Monday, July 27, 2015

A Cookman Family Apologia

This is unprecedented, I know. I only updated my blog yesterday, and here I am again. What prompted this was watching television last night and a promo trail on the radio this morning. I shall try and explain.

I watched Joanna Lumley's Siberian adventure last night, complete with pictures of her as a model in Moscow in the 60s. I was a model then, too, and she and I are almost the same age. What happened? How did she go on to become an actor and celebrity while I stayed in total obscurity? No, I'm not bitter, just stating a fact. I'd even featured on the front page of the Evening Standard (London based national newspaper, for those who don't know) in my professional acting debut at the age of 15. Sunk without trace.

I went on to marry Brian Cookman, who, when I met him, was an advertising executive with EMI Records. He then went on to help set up the London office of Rolling Stone Magazine with Jann Wenner and Andrew Bailey. To the dismay of a lot of my family and friends, he turned professional musician a couple of months before we married. There was a record contract, single, EP and album releases and then - nothing. This isn't unusual, as anyone in the business will tell you, but other people around at the same time did rather well.

Broke and living in the depths of the Cambridgeshire countryside, I persuaded Brian to go to what is now called an open-mic gig at a local folk club, while I sat at home with our baby daughter. This started a whole new spike in his career, one of the highlights of which was becoming the most popular Main Stage compere at Ken Woollard's Cambridge Folk Festival, and the only one up to that point who received encores! He was funny - very funny - and a talented songwriter and singer, and Fred Wedlock, Mike Harding and Jasper Carrott made quite a good thing out of doing the same thing... Yes, he knew them all.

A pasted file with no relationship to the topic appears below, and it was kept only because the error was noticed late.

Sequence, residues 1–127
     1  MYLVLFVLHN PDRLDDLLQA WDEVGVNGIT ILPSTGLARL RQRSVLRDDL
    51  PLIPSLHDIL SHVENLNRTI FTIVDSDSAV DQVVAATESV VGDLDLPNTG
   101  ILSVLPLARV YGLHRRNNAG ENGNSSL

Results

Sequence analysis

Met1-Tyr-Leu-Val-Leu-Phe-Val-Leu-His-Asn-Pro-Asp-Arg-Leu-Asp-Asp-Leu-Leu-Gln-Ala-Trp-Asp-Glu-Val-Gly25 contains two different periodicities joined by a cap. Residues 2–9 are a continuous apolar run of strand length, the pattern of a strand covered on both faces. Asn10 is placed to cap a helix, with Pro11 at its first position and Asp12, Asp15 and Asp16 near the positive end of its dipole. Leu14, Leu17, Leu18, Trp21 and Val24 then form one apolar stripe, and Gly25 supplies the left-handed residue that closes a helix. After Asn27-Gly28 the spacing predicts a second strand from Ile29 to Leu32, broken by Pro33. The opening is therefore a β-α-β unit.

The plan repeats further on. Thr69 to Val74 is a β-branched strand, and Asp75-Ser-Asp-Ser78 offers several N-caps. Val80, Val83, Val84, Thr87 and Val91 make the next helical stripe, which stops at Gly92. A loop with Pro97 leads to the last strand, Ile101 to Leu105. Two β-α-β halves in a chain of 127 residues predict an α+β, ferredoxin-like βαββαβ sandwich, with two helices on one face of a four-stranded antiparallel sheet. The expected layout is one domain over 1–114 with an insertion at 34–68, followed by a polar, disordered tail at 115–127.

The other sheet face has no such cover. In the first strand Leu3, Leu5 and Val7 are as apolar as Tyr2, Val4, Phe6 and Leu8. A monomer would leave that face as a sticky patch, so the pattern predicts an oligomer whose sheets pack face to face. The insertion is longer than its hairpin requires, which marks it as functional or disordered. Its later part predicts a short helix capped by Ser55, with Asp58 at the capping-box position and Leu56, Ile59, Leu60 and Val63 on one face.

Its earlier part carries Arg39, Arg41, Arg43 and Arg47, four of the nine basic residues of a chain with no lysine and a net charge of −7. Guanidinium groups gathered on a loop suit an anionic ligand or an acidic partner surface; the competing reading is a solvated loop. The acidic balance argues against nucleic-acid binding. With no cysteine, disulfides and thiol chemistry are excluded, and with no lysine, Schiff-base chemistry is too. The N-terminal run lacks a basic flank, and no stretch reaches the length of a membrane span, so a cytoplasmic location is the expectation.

A few years later and living back in London, he persuaded some musician friends to join him to make an album. (Yes, there are still copies available.) Another kind friend backed him, and off we went. He even dedicated it to my recently deceased Dad. You've guessed it.

We ended up with four children.
Surprisingly enough, they have all turned out to be performers. They've all studied theatre at college, and one of them has even studied music at Bath Spa University and - get this - the Royal Academy of Music. Both the girls have incredible voices, though I say it myself as shouldn't, and again, while watching television last night and the night before I was watching singers with Jools Holland's Orchestra and wondering why it wasn't my two up there. Yes, they are both pros, and Lou has appeared on television with Len Goodman. Both still singing for a living, though.

The boys both play, and Miles fronts two bands and is very nearly as funny as his father. Leo is turning into a multi-instrumentalist and is a talented writer still struggling (in his attic in Brighton) to make his mark. They are both songwriters, too, and in my opinion, the equal of many of the current crop.

The reason that this an apologia is to explain why, with all the admitted talent in the family (not mine, the real Cookmans), not one of them has achieved the recognition that some of their peers have done. They just aren't pushy. Showy, yes. Sociable, definitely. BUT. We are all, actually, rather SHY. Yeah, go on, laugh. But we are. My Penn side (my maiden name) is exactly the same, so my poor kids had no chance. We've all tried to overcome this with some success, but it peeps out occasionally, and of course, it makes it impossible to push ourselves. We like someone else to do it, and although we all, as the current deplorable phrase goes, "Big Up" each other we're not really very good at it. Social media appears to exist for the purpose of promotion, and I have to use it in my job, but I know I don't use it to its full potential.

So, if anyone would like to - er - Big Up the Cookman siblings, they're welcome. They won't do it themselves.


Judy Astley said...

Hey Lesley, for what it's worth, I think being NOT pushy is a grace that is sadly being lost. So your lovely talented family are therefore miles ahead of the garish masses. Lots of love to you all.

Lesley Cookman said...

Thanks, Judy - much appreciated by all of us. x